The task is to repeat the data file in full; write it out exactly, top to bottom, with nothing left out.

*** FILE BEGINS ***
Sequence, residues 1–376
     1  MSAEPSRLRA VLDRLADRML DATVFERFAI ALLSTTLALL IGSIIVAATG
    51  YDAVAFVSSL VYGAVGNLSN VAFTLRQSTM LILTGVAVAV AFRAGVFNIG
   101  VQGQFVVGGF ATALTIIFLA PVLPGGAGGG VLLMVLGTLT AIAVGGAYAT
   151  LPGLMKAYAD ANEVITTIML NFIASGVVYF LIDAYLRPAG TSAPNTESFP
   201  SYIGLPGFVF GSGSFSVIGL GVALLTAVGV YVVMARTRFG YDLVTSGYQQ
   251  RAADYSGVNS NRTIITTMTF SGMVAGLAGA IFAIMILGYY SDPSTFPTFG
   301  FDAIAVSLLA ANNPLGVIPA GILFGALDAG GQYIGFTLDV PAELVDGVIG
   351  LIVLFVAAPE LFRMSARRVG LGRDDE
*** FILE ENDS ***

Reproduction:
Sequence, residues 1–376
     1  MSAEPSRLRA VLDRLADRML DATVFERFAI ALLSTTLALL IGSIIVAATG
    51  YDAVAFVSSL VYGAVGNLSN VAFTLRQSTM LILTGVAVAV AFRAGVFNIG
   101  VQGQFVVGGF ATALTIIFLA PVLPGGAGGG VLLMVLGTLT AIAVGGAYAT
   151  LPGLMKAYAD ANEVITTIML NFIASGVVYF LIDAYLRPAG TSAPNTESFP
   201  SYIGLPGFVF GSGSFSVIGL GVALLTAVGV YVVMARTRFG YDLVTSGYQQ
   251  RAADYSGVNS NRTIITTMTF SGMVAGLAGA IFAIMILGYY SDPSTFPTFG
   301  FDAIAVSLLA ANNPLGVIPA GILFGALDAG GQYIGFTLDV PAELVDGVIG
   351  LIVLFVAAPE LFRMSARRVG LGRDDE